After a near-fatal accident a struggling artist becomes the only person on Earth who can remember The Beatles. What happens next will change the course of the world forever.
In this alternative version of reality the famous band never existed. Jack (Himesh Patel) begins singing his versions of The Beatles’ hits and all of a sudden is one step closer to stardom. When Ed Sheeran approaches Jack to go on tour with him he soon realises nothing will ever be the same again.
Soon enough Jack is eclipsing his ginger-haired mentor. The world has gone wild for his songs. But as each day passes he becomes more riddled with guilt for taking credit for musical masterpieces that he has no part in creating.
Worst of all Jack neglects the people who helped him reach great heights like his friend and manager Elllie (Lily James). Fame has turned him into a self-obsessed liar. Will he be found out before his big debut? Only time will tell.
Yesterday brings together Academy Award-Winning director Danny Boyle with the celebrated Screenwriter Richard Curtis and Script editor Emma Freud.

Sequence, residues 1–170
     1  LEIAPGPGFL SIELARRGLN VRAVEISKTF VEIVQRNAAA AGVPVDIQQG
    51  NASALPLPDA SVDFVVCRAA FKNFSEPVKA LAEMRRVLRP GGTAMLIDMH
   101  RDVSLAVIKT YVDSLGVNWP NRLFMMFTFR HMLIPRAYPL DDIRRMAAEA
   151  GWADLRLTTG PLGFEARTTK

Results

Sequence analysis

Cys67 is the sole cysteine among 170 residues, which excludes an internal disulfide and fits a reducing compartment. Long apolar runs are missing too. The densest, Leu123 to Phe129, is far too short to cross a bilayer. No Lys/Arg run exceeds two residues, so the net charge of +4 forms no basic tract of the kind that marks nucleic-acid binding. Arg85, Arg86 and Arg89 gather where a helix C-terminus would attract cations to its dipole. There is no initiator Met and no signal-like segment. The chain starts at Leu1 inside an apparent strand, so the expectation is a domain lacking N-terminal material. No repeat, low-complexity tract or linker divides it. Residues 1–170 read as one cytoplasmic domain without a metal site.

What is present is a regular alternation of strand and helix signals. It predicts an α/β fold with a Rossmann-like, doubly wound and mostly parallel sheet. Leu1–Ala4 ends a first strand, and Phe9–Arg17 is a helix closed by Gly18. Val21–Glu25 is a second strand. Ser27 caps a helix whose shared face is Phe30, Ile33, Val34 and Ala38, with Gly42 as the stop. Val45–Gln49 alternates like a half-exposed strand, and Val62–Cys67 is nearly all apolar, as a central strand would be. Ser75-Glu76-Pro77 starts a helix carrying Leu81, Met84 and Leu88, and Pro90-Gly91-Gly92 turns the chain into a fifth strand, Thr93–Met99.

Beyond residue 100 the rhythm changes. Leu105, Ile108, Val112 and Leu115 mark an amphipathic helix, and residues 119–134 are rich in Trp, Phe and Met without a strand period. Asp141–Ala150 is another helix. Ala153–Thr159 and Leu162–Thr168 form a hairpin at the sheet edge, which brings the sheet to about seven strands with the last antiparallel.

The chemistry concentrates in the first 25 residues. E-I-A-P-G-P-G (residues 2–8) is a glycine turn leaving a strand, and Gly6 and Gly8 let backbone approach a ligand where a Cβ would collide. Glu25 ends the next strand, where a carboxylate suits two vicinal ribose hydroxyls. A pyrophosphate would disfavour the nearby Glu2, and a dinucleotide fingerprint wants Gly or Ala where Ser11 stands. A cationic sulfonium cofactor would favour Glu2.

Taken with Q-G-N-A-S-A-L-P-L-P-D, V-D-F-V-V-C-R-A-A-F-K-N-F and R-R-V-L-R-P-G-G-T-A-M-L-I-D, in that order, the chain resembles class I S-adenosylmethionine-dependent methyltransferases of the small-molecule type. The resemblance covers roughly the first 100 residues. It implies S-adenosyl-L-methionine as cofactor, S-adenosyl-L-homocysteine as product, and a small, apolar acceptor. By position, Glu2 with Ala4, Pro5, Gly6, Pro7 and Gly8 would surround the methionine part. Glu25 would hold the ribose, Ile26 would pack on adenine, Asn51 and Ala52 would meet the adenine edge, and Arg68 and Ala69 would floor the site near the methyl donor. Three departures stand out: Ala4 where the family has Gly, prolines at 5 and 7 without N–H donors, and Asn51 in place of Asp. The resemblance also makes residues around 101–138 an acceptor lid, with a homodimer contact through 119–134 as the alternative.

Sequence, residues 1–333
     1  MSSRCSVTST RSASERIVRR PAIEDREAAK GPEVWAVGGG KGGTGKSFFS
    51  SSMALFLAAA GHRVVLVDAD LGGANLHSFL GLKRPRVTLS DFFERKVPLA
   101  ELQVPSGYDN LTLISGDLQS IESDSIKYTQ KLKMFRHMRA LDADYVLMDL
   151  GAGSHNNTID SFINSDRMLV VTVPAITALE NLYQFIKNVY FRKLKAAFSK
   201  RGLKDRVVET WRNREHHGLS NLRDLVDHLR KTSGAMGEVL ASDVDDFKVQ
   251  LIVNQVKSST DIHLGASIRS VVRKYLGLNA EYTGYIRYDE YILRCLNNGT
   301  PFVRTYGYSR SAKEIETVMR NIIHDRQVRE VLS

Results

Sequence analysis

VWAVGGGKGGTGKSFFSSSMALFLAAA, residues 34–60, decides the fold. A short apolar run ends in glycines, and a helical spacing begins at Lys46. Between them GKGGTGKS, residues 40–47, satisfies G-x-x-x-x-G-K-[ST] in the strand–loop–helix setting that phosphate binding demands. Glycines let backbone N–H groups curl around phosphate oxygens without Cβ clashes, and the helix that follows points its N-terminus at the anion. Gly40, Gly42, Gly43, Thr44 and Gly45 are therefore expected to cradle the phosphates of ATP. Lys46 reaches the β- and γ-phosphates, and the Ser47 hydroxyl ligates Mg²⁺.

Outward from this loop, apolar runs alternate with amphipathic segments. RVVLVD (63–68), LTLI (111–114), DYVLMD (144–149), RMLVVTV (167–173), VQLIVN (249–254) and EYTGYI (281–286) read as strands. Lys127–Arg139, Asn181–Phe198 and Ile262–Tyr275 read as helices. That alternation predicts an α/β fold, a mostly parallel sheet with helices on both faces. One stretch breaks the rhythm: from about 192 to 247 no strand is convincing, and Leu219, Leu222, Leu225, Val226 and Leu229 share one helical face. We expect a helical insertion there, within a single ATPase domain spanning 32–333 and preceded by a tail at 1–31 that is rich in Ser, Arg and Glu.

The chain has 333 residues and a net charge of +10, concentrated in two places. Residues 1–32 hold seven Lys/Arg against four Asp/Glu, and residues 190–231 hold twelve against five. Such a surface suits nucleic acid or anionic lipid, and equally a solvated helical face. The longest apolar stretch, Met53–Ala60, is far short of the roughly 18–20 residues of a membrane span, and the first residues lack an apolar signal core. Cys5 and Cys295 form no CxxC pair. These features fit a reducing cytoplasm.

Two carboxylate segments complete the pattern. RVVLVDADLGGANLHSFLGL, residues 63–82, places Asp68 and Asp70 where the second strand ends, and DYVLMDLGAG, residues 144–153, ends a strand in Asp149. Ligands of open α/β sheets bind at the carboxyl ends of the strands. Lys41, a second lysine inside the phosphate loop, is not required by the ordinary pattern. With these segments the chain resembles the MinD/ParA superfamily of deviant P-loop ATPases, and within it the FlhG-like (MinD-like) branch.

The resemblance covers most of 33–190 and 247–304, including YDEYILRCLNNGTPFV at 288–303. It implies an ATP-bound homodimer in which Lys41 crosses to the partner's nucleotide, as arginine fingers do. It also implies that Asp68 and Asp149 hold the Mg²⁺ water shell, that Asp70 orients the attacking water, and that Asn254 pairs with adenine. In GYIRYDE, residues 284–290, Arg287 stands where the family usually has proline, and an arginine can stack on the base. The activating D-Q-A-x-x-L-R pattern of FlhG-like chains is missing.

Curtis and Freud are an exceptional pairing, in both work and life. It’s well worth listening to Dolly Alderton’s interview Freud on her podcast Love Stories where they discuss Yesterday, founding Red Nose Day and the reality of working with your partner 24/7.
Yesterday is one of the best movies I’ve seen recently. That being said the ending didn’t quite match up with the rest of the movie. Fellow ROF writer Jordan delved into the script and found that Boyle made a last minuet change, hence the shift in narrative.
Many of the scenes bought me to tears while others had me in fit of giggles. Again I won’t spoil the movie for anyone, but know this, the movie will reunite you with a beloved singer gone before his time and it will take your breath away.
Yesterday is a fitting tribute to The Beatles and their music, you’ll no doubt be humming the songs for days to come. Yes it’s a somewhat predictable rom-com, but strip that away and you have an epic loveletter to The Beatles.
By Ruth Walker